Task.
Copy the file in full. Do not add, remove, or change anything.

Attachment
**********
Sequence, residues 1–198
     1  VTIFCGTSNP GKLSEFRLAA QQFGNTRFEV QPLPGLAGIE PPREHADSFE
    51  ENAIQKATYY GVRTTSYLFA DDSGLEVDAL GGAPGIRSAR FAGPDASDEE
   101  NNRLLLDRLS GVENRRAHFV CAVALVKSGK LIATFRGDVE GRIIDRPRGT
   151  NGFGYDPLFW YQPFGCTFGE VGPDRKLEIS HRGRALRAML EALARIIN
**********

Sequence, residues 1–198
     1  VTIFCGTSNP GKLSEFRLAA QQFGNTRFEV QPLPGLAGIE PPREHADSFE
    51  ENAIQKATYY GVRTTSYLFA DDSGLEVDAL GGAPGIRSAR FAGPDASDEE
   101  NNRLLLDRLS GVENRRAHFV CAVALVKSGK LIATFRGDVE GRIIDRPRGT
   151  NGFGYDPLFW YQPFGCTFGE VGPDRKLEIS HRGRALRAML EALARIIN